Sunday, 14 April 2013

Check Mate!!

 It was my Nephew's 10th birthday. I had been asked to bake him a cake, and I knew it had to be something special! I had seen a few chess board cakes on the internet and thought I'd give it a try!
(Warning: this cake took me fourteen hours.  Do not attempt if you want a quick bake!!)  For the first time since embarking on my baking journey, I threw a baking induced wobbly!  I made a few measuring errors that, if I were to do it again, I would need to either buy a bigger cake tin, or smaller chess square moulds! But anyway... let me start off right at the beginning (I've heard its a very good place to start)!
First of all, you need some chess piece and square moulds. I got mine on Amazon and they weren't overly expensive.  This is where choosing the size of your squares is important.  A standard chess board is eight squares by eight squares.  I had a twelve inch cake tin.  The squares I ordered were an inch and three quarters. Now, for all you mathematicians out there you will quickly find that that does not calculate! And so, I had to build a wall of chocolate to balance the outer chocolate squares that did not fit on the cake.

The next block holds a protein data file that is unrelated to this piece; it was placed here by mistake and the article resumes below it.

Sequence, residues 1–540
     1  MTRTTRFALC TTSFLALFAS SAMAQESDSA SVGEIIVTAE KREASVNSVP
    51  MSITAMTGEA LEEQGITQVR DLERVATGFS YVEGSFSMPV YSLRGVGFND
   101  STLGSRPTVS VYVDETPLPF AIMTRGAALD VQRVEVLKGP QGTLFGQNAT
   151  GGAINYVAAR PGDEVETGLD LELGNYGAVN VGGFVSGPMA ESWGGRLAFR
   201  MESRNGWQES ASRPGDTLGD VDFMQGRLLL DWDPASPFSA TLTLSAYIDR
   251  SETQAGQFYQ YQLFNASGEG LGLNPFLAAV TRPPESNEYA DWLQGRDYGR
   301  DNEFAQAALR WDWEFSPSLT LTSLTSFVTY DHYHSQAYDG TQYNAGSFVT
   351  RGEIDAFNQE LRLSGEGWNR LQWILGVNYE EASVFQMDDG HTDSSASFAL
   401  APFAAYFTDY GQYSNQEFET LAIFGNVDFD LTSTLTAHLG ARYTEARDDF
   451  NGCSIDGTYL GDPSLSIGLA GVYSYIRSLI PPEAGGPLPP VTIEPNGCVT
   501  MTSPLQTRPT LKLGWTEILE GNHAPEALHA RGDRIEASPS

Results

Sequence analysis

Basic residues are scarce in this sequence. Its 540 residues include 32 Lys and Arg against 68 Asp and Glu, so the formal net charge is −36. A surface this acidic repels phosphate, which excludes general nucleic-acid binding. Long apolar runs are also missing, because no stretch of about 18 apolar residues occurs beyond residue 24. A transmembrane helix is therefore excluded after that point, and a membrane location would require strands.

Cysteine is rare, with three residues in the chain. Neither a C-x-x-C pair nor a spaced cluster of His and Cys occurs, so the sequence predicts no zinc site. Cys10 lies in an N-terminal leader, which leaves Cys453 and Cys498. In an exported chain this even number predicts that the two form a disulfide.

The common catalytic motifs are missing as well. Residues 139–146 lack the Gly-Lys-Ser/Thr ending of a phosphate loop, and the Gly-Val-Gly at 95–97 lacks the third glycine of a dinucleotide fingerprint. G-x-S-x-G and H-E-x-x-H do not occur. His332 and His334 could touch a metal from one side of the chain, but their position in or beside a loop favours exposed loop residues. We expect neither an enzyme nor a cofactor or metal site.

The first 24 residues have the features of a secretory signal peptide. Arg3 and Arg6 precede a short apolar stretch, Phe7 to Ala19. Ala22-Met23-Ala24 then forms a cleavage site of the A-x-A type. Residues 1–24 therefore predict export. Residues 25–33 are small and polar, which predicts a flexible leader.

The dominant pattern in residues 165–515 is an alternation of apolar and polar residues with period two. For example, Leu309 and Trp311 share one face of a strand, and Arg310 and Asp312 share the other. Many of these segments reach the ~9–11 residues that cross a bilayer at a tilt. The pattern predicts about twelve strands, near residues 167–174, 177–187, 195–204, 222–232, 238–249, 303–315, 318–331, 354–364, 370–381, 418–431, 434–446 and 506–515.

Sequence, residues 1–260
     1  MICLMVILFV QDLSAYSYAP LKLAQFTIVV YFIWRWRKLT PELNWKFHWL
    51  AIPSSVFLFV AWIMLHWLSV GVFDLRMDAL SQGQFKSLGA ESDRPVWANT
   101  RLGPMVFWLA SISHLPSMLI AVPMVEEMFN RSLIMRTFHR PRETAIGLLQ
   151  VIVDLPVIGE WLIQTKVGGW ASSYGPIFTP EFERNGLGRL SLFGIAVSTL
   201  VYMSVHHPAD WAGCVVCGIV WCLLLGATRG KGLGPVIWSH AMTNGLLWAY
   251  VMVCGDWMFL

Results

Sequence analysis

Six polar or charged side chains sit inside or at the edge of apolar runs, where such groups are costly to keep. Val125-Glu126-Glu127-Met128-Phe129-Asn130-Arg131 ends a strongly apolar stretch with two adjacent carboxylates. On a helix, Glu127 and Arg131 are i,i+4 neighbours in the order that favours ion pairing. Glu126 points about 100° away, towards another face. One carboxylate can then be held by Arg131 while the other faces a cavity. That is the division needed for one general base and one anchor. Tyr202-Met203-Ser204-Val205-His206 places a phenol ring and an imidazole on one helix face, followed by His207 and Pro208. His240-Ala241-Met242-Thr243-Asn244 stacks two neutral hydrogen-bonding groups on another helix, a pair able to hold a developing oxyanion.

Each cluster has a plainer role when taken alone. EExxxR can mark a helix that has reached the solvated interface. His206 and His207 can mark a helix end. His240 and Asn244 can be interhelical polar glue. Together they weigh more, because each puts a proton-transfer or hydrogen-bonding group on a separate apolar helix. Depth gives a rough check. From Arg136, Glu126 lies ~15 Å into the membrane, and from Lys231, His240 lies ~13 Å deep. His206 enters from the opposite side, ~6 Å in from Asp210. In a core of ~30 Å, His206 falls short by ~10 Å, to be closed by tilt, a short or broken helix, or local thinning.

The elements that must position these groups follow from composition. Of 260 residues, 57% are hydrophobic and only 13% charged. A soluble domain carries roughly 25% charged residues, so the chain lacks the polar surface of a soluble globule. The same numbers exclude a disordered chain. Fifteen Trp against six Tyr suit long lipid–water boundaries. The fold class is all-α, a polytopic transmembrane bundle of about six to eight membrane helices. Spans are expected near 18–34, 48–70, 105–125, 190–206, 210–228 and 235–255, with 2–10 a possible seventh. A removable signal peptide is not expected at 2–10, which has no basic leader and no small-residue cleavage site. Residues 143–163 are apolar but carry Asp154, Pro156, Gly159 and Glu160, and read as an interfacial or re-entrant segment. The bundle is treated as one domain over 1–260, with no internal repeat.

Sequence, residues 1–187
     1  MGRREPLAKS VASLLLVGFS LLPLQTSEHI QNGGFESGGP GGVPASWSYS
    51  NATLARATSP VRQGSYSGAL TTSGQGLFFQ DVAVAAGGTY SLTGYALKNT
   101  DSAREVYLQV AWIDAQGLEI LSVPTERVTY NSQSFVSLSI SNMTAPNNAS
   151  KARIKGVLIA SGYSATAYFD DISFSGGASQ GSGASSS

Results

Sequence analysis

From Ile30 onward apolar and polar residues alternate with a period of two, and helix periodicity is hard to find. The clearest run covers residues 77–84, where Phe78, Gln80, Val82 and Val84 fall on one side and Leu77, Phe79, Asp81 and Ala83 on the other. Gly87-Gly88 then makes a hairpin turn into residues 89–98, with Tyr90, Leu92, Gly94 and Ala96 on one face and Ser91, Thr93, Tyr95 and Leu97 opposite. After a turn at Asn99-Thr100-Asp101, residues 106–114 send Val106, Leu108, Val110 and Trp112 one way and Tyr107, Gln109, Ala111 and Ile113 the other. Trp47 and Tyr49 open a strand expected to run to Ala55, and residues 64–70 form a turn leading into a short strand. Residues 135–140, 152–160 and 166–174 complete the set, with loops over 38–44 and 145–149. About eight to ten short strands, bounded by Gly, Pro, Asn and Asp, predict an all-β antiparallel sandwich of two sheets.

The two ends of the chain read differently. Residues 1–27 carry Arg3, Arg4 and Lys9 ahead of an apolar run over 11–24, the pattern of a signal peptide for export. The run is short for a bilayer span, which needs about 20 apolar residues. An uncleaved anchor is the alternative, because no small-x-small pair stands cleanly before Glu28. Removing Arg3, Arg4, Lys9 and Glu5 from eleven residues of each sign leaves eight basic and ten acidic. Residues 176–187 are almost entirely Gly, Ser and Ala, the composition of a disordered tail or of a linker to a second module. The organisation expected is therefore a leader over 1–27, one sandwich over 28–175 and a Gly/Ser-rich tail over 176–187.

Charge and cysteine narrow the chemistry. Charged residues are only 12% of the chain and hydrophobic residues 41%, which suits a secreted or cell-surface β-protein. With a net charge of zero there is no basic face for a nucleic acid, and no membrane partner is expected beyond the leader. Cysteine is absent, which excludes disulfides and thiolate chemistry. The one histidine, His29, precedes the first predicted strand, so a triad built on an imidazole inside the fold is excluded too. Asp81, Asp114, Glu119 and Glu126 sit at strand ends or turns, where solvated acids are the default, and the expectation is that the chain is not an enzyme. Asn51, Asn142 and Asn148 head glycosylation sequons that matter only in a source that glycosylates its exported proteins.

It would be a good idea to begin making the chocolate chess pieces and squares a few days before you need them.  I started the night before and I could have done with starting at least one day before this!

Once you have baked your cake, using your favourite chocolate recipe, you will be ready to decorate.  For my chocolate recipe, see this cake, and double the recipe to fit the twelve inch cake tin.

Now is the time to channel your inner brick layer.  The chocolate squares are your bricks, your chocolate frosting is your cement.  First of all, start at the left hand corner of the cake and lay a white square down. Then begin to build your checkerboard alternating between black and white.  Once you have made your checkerboard you can either pipe a fancy boarder around the edge, or you can continue your checkerboard pattern round the edges of the cake, which add stability to the chess board, (chocolate is surprisingly heavy)!

Once set, its time to lay your pieces down, and get playing! Enjoy!!!